- Several states are moving to reshape their labor laws so that more independent contractors are turned into employees.
- Yet the efforts have sparked a backlash among freelance writers, artists, translators and cooks.
- "Caught in the middle are people who are and who want to be independent contractors," said Cynthia Estlund, a professor at the New York University School of Law.
Halley Bondy loves being a freelance writer.
And the 35-year-old journalist, who lives in Brooklyn, New York, earns more working for herself than she did as a full-time employee.
Now, a proposal in New York state that could require companies to classify more of their freelancers as employees is spreading panic among people like Bondy.
"All of my employers would probably just ditch me," Bondy said. "I don't think any one of them would take me on full-time."
Several states are moving to reshape their labor laws so that more independent contractors are turned into employees.
Proponents of the efforts say companies misclassify their workers as independent contractors to save money. Unlike contractors, employees have to be given a minimum wage and are eligible for overtime pay and unemployment insurance. Half of their Social Security and Medicare payroll taxes are also covered by the company.
Employers might be saving as much as 30% of employee-related taxes by hiring more people as contractors, according to the National Employment Law Project.
"There's been this crisis of misclassification and employers are gaming the system," said Cynthia Estlund, a professor at the New York University School of Law.
Yet the state efforts have sparked a backlash among freelance writers, artists, translators, cooks and other freelancers who say they're happy with their work arrangement and fear their livelihoods could now be in peril.
"Caught in the middle are people who are and who want to be independent contractors," Estlund said.
Many freelancers in California say they're already paying a price, after Assembly Bill 5 went into effect on Jan. 1.
To classify a person as an independent contractor rather than an employee, companies in the state now have to prove the person is free from their control and is performing different work than what the company specializes in. Although, there are a number of carve-outs.
"It doesn't fit with our business structures," said Maressa Brown, a writer in Los Angeles. "We have many clients and that's how we want to operate.
"That's how we've created career security for ourselves given the volatile nature of media today."
Vox Media announced already that it was replacing its freelancers "with contractors from other states." More than 200 freelancers lost their work, and the company is expected to add 20 staff positions.
Kristen Lopez, another writer in Los Angeles, is worried she could lose up to $50,000 this year. Some of the companies for which she writes have already brought up the new law.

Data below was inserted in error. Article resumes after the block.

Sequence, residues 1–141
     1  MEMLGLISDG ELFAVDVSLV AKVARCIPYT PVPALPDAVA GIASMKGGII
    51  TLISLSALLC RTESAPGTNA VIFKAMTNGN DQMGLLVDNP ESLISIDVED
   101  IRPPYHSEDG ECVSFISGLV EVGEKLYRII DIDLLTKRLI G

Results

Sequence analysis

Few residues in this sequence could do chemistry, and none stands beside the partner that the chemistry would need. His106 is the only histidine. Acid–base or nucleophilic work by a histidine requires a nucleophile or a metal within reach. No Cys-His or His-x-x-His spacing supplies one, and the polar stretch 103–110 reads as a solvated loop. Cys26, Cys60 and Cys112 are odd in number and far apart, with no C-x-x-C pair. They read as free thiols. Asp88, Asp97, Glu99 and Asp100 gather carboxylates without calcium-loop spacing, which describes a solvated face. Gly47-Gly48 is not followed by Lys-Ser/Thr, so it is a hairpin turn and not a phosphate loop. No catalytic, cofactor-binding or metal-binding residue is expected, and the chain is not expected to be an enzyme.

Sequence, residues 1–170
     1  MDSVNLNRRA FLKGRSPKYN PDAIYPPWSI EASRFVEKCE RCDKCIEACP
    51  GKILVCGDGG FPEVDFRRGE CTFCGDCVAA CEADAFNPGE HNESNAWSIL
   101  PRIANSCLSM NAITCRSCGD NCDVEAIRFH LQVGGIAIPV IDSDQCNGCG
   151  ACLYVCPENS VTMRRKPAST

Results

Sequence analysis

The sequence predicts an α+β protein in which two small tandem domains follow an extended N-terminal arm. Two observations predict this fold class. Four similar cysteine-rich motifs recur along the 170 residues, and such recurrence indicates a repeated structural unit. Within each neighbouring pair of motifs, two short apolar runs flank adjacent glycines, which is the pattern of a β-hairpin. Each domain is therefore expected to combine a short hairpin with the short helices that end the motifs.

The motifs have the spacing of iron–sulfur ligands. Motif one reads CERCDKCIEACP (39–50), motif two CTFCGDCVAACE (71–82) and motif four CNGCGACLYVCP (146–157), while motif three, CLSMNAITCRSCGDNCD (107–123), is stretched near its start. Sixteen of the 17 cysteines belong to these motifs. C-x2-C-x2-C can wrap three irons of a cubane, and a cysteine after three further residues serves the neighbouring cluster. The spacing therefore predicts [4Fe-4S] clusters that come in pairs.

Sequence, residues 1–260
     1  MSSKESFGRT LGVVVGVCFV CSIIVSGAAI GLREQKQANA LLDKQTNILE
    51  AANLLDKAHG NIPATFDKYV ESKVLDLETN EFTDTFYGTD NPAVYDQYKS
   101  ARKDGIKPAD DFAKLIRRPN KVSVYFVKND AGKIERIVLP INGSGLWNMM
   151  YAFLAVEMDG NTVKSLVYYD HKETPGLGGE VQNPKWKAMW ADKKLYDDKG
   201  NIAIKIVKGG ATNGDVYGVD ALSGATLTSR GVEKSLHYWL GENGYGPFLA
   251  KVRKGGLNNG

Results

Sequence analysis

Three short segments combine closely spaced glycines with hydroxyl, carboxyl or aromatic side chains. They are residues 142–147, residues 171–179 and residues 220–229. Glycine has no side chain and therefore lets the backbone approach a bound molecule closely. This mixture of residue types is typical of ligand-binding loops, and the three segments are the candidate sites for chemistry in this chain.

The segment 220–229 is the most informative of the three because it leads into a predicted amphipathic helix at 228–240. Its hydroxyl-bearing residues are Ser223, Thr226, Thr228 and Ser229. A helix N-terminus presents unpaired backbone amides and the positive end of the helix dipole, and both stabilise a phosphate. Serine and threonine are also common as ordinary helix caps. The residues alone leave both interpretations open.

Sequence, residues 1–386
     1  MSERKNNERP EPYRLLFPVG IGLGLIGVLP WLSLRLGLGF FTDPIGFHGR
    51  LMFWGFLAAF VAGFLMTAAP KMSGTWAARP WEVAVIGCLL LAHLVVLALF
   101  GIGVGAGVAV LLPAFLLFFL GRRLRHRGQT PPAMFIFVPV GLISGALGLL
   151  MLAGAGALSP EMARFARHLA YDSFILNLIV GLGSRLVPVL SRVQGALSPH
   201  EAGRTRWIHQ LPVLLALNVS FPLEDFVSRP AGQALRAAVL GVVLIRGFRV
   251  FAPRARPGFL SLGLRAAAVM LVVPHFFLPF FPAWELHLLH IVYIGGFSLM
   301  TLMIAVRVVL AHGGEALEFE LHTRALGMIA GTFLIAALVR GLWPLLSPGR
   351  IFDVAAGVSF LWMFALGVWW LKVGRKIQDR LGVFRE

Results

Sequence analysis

"The emotional impact has been a lot of stress, worrying about how I'm going to pay bills and rent," Lopez, 31, said. She has brittle bone disease and uses a wheelchair, which she said makes it difficult to find full-time employment.
"Writing gives me and countless other disabled freelancers the level playing field they don't see in reality," she said.
AB-5, as the law is known, faces several legal challenges, including from the California Trucking Association and Uber. "California went very quickly, and it was very sloppy and way too broad," said Bradley Tusk, a former consultant for Uber.
It's misguided, however, to blame the attempts to protect workers, said Erin Hatton, an assistant professor of sociology at the State University of New York, Buffalo.
"The reality of the matter on the ground is that most workers would end up benefitting if they're doing the same work as a protected employee," Hatton said. "It certainly seems like it will be a bumpy road, but the answer is not fewer protections."
A bill aimed at ending the misclassification of workers in New Jersey is now on hold after backlash in the state.
Freelancers celebrated the news, although the legislation could still be taken up. And some 10 other states are likely to introduce similar legislation, according to Tusk.
Kelly Carpenter sings at assisted living facilities, weddings and restaurants in the Garden State. She earns around $20,000 a year from the performances.
Not being tied to a desk all day helps her raise her 4-year-old son, Mason, she said. "The independent contractor route has been a godsend," she said.
If she couldn't continue working for herself, she figures she'll need to get a full-time job at a restaurant.
"I'd be forced to do something I don't like," she said. "I define myself as a singer."